In the 2022 budget year, which ended in September, agents apprehended immigrants a record 2.38 million times at the southern border.
Coronavirus restrictions implemented under President Donald Trump, which were known as Title 42, allowed border officials to turn away migrants to help stop the spread of COVID-19. The restrictions recently ended.
RELATED: Title 42 ends: Here's what it did, and how US immigration policy is changing
While Title 42 was used to deny asylum more than 2.8 million times, it carried no legal consequences, which encouraged repeat attempts by migrants to enter the United States. Border Patrol agents returned to pre-pandemic immigration laws on May 11 that impose stiffer penalties on migrants who enter the U.S. without permission than the emergency health order did.
Despite his frustrations with Biden, Vought said he'd probably vote for the Democrat again if Trump wins the Republican nomination.
"I agree with about half of Trump's policies but I think the guy is a liar and is so arrogant," Vought said. "If those were the only two candidates ... I’d have to still vote Biden."
John Billman, 79, of Chapel Hill, North Carolina, said Biden doesn't get enough credit for passage of the $1 trillion infrastructure bill and $280 billion CHIPS Act aimed at boosting the U.S. semiconductor history, or the historically low unemployment rate. The unemployment rate stands at 3.4%,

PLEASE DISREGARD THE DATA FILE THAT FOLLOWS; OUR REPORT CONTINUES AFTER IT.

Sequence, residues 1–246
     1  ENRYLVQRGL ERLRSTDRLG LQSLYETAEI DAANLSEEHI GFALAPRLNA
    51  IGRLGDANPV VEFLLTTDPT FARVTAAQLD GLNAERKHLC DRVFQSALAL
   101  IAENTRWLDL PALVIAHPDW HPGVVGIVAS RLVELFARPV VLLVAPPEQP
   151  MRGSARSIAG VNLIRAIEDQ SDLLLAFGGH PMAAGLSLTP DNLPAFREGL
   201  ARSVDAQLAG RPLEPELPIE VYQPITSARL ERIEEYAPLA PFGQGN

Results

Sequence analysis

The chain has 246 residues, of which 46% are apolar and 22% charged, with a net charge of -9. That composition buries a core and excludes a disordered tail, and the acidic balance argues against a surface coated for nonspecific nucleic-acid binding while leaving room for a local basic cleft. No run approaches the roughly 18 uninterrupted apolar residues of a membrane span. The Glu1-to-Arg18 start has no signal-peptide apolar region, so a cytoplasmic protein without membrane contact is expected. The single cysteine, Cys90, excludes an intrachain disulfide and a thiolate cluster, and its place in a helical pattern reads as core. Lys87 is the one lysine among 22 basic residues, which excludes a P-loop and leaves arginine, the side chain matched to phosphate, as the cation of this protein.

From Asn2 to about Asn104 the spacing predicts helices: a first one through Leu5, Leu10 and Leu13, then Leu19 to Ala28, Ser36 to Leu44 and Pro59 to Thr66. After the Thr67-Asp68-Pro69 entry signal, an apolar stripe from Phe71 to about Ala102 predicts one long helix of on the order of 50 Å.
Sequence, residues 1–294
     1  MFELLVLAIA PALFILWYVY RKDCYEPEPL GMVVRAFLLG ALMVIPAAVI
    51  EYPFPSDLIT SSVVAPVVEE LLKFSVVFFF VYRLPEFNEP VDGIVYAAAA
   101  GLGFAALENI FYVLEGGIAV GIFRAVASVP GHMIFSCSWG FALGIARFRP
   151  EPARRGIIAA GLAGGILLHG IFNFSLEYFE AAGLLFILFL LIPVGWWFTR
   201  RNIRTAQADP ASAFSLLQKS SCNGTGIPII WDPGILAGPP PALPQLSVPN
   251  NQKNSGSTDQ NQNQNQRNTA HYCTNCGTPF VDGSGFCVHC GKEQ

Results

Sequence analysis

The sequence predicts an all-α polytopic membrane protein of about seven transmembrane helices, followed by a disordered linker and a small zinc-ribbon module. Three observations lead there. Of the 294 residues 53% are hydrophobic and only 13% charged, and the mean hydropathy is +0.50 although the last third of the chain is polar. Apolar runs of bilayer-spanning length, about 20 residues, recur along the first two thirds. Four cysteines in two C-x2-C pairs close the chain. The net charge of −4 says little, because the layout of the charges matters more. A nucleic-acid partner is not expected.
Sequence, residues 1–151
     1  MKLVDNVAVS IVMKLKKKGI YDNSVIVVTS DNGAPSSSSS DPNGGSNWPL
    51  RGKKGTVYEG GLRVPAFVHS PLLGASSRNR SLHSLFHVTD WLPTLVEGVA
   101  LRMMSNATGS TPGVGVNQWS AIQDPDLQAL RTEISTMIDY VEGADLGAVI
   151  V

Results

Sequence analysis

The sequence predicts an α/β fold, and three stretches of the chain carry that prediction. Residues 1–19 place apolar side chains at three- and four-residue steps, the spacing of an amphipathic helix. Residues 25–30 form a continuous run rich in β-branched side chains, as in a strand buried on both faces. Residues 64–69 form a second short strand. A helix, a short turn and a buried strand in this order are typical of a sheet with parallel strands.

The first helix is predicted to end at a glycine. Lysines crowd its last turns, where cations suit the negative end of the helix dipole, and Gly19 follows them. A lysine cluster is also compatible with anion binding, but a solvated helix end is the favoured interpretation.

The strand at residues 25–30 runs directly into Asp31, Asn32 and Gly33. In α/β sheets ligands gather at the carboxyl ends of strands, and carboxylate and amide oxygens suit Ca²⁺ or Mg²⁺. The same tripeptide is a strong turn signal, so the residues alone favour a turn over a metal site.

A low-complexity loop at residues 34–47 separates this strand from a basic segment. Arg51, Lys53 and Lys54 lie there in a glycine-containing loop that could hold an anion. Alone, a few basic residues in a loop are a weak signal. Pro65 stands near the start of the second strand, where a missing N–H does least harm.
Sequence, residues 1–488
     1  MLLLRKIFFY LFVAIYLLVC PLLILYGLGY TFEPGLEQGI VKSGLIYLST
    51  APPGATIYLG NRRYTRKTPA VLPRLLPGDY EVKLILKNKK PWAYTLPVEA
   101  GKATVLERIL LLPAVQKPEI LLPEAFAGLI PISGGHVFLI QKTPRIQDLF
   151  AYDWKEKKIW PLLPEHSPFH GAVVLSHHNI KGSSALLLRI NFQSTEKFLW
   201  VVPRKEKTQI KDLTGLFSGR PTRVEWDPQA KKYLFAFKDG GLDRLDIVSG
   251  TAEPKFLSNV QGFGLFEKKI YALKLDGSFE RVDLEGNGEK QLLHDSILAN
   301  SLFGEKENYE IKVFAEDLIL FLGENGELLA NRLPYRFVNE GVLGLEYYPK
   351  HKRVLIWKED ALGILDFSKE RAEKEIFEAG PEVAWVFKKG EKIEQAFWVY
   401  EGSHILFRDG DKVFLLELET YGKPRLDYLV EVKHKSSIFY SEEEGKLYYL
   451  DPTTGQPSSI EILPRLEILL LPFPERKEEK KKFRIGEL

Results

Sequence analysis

Billman, who approves of Biden's performance, said he feels the political conversation has become even more toxic since the Jan. 6, 2021, insurrection at the U.S. Capitol.
"Since January 6, there are so many that seem incredibly angry at the government, that think the government and Biden are only doing bad things," Billman said. "I mean an infrastructure bill? It's a bad thing? I have relatives who I respect and love and are intelligent people who say, ‘I hate Biden.’ I can understand disagreeing with him but how can you hate Biden? It’s scary."
Biden underperforms on the economy even among Democrats: 61% approve of him on the issue, compared with 75% for his job overall. Democrats feel even more dour about the current condition of the nation's economy, though they continue to be more likely than Republicans to say the country is headed in the right direction (36% vs. 7%) or to rate the economy as good (41% vs. 7%).
Some Democratic respondents who approve of the president's performance said they felt flummoxed by life in post-pandemic America and what often seems like a total abandonment of bipartisanship in Washington.
Karen D’Andrea, 64, a Democrat from Port Lucie, Florida, was among the millions of Americans who lost their jobs at the beginning of the pandemic. She was able to land a new job at a tech startup, but was recently laid off as that sector is going through some of the most significant cost cutting since the Great Recession.
"I think people with the same mindset as me feel our best days are behind us," said D'Andrea, who approves of Biden's performance but believes the country is moving in the wrong direction. "Republicans like to say they want to make America great again. I think things can be wonderful now, but we got to work together."
The poll of 1,680 adults was conducted May 11-15 using a sample drawn from NORC’s probability-based AmeriSpeak Panel, which is designed to be representative of the U.S. population. The margin of sampling error for all respondents is plus or minus 3.4 percentage points.